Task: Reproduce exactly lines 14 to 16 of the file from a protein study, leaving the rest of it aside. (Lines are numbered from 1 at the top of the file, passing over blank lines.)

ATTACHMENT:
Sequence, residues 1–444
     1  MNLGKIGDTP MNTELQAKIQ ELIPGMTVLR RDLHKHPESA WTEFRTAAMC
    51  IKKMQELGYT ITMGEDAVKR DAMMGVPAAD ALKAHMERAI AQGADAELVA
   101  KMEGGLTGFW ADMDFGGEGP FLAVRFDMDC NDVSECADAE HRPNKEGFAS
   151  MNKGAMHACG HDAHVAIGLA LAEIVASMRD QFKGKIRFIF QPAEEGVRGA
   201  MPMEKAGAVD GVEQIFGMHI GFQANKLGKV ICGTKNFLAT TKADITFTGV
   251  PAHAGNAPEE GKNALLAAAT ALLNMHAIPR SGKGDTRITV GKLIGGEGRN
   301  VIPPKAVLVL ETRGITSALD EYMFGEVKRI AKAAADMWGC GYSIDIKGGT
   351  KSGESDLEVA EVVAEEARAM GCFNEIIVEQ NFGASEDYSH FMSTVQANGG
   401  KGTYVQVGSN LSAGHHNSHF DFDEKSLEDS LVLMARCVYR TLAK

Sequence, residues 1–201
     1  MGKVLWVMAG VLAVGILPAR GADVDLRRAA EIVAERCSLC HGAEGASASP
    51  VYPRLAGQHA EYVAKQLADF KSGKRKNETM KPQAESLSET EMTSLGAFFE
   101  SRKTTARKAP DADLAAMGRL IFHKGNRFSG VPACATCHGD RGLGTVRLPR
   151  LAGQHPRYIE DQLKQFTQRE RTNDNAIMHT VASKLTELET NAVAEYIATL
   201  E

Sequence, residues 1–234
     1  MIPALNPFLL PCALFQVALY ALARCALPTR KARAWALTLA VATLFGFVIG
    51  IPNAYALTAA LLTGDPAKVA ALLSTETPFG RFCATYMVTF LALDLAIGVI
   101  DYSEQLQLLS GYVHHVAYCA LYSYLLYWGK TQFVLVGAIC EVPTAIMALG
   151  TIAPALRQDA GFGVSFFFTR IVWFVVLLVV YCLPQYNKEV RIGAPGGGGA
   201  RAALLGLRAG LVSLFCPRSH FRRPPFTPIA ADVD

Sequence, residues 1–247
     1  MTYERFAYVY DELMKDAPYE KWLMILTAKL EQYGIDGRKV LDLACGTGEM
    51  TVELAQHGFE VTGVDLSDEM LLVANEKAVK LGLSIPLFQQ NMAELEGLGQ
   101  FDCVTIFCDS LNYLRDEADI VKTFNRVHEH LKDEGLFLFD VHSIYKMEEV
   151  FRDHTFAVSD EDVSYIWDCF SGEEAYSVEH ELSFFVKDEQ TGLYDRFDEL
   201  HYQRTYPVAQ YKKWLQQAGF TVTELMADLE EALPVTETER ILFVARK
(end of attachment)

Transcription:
   101  SRKTTARKAP DADLAAMGRL IFHKGNRFSG VPACATCHGD RGLGTVRLPR
   151  LAGQHPRYIE DQLKQFTQRE RTNDNAIMHT VASKLTELET NAVAEYIATL
   201  E